Transcript of radio interview with Bruce Babbitt
Conducted by Deborah Phillips of KXAZ 93.3 FM
In Page, Arizona
July 14, 2000
Copyright: Lake Powell Communications(c)2000

Phillips: Secretary of the Interior Bruce Babbitt is here in our studios and we're so honored to have you with us.

Babbitt: Deborah it's nice to be back.

Phillips: Thank you for coming in. We have several issues we want to discuss and of course in the front of our minds here in Page is the lake and the draining of the lake and that whole issue and if you could comment on that we'd certainly appreciate that.

Babbitt: Deborah I'm actually a little kind of surprised and bemused by how this thing has sort of shown up on the front page of so many newspapers and... yeah look, the bottom line is it's not going to happen. I don't support, you know, taking down Glen Canyon Dam. It's in place, it's there to stay, it's an important asset, it's an important part of the economic and the recreational life of Arizona, the Southwest and... look it's not real, it's not going to happen. I guess my advice to the citizens of Page is, there's no way this is going to happen. You're probably wise though to raise your voices and to, you know answer the... you know you shouldn't just let it sit, you know you ought to talk back and I think you're doing a pretty good job of that.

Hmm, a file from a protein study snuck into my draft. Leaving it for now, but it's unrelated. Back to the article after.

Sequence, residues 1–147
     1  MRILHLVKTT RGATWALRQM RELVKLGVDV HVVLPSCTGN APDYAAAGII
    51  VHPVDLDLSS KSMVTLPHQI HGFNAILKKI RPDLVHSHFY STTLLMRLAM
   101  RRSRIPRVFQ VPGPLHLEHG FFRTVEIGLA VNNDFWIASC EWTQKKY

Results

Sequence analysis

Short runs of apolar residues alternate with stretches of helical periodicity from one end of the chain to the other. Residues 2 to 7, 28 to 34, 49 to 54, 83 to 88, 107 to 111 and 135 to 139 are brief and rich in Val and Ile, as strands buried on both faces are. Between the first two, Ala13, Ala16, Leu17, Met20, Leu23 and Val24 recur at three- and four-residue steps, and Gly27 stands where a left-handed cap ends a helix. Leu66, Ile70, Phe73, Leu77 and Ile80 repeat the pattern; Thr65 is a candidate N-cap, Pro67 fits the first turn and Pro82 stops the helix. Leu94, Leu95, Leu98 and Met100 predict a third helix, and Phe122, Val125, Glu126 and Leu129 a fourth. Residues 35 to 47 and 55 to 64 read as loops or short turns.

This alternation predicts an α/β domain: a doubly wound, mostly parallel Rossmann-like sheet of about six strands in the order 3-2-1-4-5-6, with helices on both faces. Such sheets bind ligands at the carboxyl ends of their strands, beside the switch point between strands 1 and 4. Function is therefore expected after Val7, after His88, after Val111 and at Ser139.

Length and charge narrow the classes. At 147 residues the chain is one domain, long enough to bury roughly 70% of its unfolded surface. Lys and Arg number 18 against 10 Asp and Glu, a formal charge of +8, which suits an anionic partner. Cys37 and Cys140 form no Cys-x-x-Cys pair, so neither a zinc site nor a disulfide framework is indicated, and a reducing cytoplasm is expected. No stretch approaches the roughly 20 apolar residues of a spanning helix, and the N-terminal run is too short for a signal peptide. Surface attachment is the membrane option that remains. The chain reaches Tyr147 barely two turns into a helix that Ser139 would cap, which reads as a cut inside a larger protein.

Phillips: We need to address that. My concern has always been, where is this water going to come from and the power that's generated if that is all taken away.

Babbitt: Well the bedrock issue is the water. And that's because the Colorado River Compact, which was entered into back in 1923, makes a certain set of commitments that relate to the seven states, all the way from Wyoming to California, and it's binding as a matter of compact and federal law and the upper basin states have a certain delivery obligation that cannot be met without storage capacity and the lower basin states, Arizona and California in particular, and Nevada, have a certain drought protection that really can't realistically be met in any other way. So I guess the bottom line is that as long as the Colorado River Compact is in force there has to be the storage capacity that was guaranteed and promised by Glen Canyon Dam. People say well you can amend the compact, yeah, right, pigs can jump over the moon too. The Compact, I think, is there to stay. It couldn't be changed effectively without seven states and Congress and there just isn't any... there's no prospect of that happening.

Phillips: Well that's very comforting to hear you say that, I appreciate that.

Babbitt: Now I realize that up in Moab people say, well we were up in Moab and we saw a picture of Bruce Babbitt in the ice cream store holding a sledgehammer saying I'm out to knock down some dams. I admit that's true. There are 75 thousand dams in the United States...75 thousand. And there are a fair number of them that no longer serve any purpose and ought to be taken down. I'll tell you it's one thing to take down a ten foot dam that is blocking salmon run off of Puget Sound and to talk about Hoover Dam and Glen Canyon when there's just a difference in perspective and realism, and yes, I'm in favor of taking down dams but there are real world limits and this one is safely outside that area of discussion in my judgement.